Since receiving the "Avengers Assembled!" guide book for the Marvel Super-Heroes role playing game back in the 1980s, Avengers and Christmas have always been tightly knit together in my mind. To be given a retrospective (and let's be honest, that's what this issue is) that focuses on the heart of the Avengers is a welcomed gift.
Framed by eight new pages written by Dan Slott and illustrated by Khoi Pham (soon to be unleashed as the creative team on "Mighty Avengers"), "Secret Invasion: Requiem" is a collection of two critical issues in the evolution of Henry Pym. Both of those issues feature his lovely bride, Janet Van Dyne a.k.a. the Wasp. Reprinted and recolored here are the first appearance of the Wasp, from "Tales to Astonish" #44 and the infamous court-martial story from "Avengers" #215. The new coloring makes these tales seem like new stories, rendered by some retro-genius sending off a tribute to Jack Kirby or Bob Hall. The end result is a re-presentation of two tales to be considered canon in Avengers lore. Their inclusion here will undoubtedly season the entrée to come in "Mighty Avengers".
Slott's new eight pages give us a peek into the fragile psyche of Henry Pym following the events of "Secret Invasion". Additionally, we gain a great deal of insight into the robotic mental processes of Jocasta, welcomed back from the scrap heap and ready to serve as the artificial backbone of this new squad. Pym makes a revelation here, taking up yet another new identity and leaping headfirst into the opportunity to avenge his fallen love.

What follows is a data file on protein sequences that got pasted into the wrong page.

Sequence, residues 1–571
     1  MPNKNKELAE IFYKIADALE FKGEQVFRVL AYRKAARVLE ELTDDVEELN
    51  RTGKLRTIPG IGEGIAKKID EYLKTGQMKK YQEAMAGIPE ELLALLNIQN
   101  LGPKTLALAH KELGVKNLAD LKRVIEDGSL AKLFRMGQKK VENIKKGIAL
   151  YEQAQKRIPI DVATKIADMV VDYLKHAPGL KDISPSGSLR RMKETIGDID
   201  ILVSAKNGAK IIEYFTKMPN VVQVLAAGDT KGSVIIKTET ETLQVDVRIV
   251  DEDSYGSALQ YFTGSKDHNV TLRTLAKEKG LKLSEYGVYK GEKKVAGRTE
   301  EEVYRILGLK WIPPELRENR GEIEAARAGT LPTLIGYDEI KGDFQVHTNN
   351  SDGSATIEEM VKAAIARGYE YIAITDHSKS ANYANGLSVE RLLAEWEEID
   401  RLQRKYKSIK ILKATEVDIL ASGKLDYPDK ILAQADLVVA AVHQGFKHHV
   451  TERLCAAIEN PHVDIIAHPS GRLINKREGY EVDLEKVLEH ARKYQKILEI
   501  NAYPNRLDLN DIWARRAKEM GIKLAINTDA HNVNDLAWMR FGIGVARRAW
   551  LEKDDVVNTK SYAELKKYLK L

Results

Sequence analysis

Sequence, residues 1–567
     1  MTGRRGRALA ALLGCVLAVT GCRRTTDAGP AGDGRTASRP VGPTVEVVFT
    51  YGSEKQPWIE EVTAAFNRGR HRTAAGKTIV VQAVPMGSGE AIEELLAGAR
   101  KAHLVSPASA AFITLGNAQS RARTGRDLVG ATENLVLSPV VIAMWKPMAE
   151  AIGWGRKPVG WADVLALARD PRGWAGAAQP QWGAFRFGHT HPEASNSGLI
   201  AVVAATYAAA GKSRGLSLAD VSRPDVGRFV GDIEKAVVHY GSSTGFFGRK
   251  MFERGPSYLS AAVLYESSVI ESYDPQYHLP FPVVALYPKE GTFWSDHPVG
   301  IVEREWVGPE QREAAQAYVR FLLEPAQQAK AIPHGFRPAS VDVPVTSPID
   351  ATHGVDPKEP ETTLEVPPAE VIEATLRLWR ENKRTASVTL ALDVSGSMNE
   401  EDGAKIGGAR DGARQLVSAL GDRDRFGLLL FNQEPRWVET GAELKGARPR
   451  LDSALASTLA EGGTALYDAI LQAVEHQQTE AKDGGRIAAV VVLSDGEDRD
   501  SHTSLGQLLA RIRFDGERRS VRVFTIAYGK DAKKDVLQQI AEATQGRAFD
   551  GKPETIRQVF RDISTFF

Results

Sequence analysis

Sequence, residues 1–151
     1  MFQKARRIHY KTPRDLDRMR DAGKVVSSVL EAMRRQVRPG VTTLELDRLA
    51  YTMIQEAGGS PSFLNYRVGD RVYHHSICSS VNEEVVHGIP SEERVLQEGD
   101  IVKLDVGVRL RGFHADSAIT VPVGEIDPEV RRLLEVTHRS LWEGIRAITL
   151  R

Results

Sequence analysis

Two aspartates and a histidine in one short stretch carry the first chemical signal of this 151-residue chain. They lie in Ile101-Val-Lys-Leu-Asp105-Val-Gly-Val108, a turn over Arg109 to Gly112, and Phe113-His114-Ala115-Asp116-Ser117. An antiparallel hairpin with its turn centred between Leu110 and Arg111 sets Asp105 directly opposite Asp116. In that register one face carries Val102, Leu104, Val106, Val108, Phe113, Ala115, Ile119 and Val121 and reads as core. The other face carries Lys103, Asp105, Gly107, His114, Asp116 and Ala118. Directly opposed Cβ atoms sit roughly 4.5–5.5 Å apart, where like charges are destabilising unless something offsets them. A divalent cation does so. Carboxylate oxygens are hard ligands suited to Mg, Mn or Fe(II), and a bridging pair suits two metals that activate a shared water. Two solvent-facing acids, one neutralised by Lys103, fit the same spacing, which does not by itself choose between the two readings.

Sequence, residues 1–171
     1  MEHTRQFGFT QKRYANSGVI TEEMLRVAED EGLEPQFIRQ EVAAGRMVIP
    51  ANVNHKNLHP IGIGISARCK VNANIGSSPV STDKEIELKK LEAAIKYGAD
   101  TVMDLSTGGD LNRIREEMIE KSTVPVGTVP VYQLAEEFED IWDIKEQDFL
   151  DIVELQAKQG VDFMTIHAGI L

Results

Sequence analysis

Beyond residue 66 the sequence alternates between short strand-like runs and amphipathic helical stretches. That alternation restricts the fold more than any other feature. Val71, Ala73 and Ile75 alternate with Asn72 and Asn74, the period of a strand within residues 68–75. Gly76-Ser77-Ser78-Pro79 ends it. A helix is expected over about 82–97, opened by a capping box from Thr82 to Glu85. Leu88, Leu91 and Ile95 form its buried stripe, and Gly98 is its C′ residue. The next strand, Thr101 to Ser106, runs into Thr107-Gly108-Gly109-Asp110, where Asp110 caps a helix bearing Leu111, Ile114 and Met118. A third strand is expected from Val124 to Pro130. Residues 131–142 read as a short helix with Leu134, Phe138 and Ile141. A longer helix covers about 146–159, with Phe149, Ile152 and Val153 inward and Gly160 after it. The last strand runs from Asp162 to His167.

Pham's art is strong, clean and stylized here. He's inking himself (or more likely being "digitally inked") and the look is a little more raw than his work was over on "Incredible Hercules". Nonetheless, his work here is well conceived and beautifully executed, giving Jocasta a Pinocchio-like longing for more of what life can offer through her gestures and stance, while strongly rendering a distracted, but determined Henry Pym.
The retrospective is rounded out with a five-page profile of the Wasp and a three-page montage of her various costumes. Some fluff, to be sure, but a nice retrospective to be certain. This issue serves as a requiem of a fallen Avenger. I'd strongly recommend it to anyone who counted Janet Van Dyne among his (or her) favorite Avengers. For those of you a little more cash-strapped, sit tight, I'm certain Marvel will include the new pages in the first Slott and Pham "Mighty Avengers" premiere hardcover.